An archive and analysis of parlor and art song settings of Victorian poems

Obsession and Instability in Tennyson's Maud

Although when Alfred Lord Tennyson's Maud was first published in 1855 it met with largely hostile reviews, it became an overwhelming success when its lines were excerpted for songs. While multiple different versions exist, dating from the year of the poem's publication to 1900, two of them have been particularly influential: Balfe's parlor song setting "Come into the Garden, Maud" (1857) and Somervell's song cycle Maud (1898). Balfe's setting became a staple of home performances, whereas Somervell's cycle is considered one of the masterpieces of the English art song tradition (Hold 91). Although both songs are well known, few scholars have addressed them from either a musicological or a literary standpoint. Those accounts which do exist argue that Balfe's setting and the corresponding section of Somervell's cycle perform a fairly naïve interpretation of the poem, taking the speaker's words of love for Maud as unproblematic and ignoring his madness altogether. These two divergent settings alter the narrative trajectory of the original, but their changes serve to emphasize the threat of violence and instability that undercuts the speaker's every line. In this deceptively simple and beautiful poem, the speaker misreads and misapplies the language of flowers and the garden, and so compulsively repeats his own phrases as to evacuate his troubadour-style lyrics of meaning and to expose them as merely the decoration for his latest obsession. Both Balfe and Somervell augment these poetic distortions in their musical settings. Balfe's setting can be played to sound like a naive love song, but its dissonances, unexpected harmonies, and constantly shifting tonal centers subtly undercut the speaker's sense of certainty and sanity, as does the text itself, making the song, like the poem, both participate in and disrupt the sentimental tradition. Somervell's version subtly avoids cadences and incorporates minor keys to convey the speaker's insanity from within the prison of his own mind.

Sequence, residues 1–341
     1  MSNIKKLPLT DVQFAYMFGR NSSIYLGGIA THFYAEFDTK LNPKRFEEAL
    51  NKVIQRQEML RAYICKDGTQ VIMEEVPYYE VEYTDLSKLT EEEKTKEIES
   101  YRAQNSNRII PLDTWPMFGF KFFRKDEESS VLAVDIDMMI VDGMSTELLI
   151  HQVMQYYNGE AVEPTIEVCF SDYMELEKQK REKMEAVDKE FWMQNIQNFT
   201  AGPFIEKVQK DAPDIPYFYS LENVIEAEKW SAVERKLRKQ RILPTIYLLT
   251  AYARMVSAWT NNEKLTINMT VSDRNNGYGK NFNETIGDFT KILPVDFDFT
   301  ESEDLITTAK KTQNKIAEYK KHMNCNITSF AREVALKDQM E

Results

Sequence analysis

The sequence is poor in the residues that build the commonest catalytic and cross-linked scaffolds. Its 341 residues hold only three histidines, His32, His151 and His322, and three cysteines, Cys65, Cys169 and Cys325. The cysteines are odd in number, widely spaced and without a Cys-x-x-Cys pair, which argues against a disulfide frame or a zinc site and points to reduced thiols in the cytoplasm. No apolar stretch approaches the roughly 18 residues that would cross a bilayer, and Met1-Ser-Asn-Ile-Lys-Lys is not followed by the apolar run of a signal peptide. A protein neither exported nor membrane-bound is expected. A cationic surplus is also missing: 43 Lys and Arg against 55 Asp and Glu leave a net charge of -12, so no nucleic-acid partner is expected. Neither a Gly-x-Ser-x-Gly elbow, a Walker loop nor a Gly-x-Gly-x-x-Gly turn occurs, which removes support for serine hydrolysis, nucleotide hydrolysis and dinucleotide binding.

Both settings feature lyric twenty-two from the end of Part I of Maud. The speaker has just discovered a rose floating in the rivulet that connects his house to the Hall where Maud, his beloved, lives. He believes that she has sent it to him as a message to wait for her in her rose garden where she will join him after a dance (to which he has not been invited). This segment occurs as he waits for her in the garden and ends as he spies her approaching.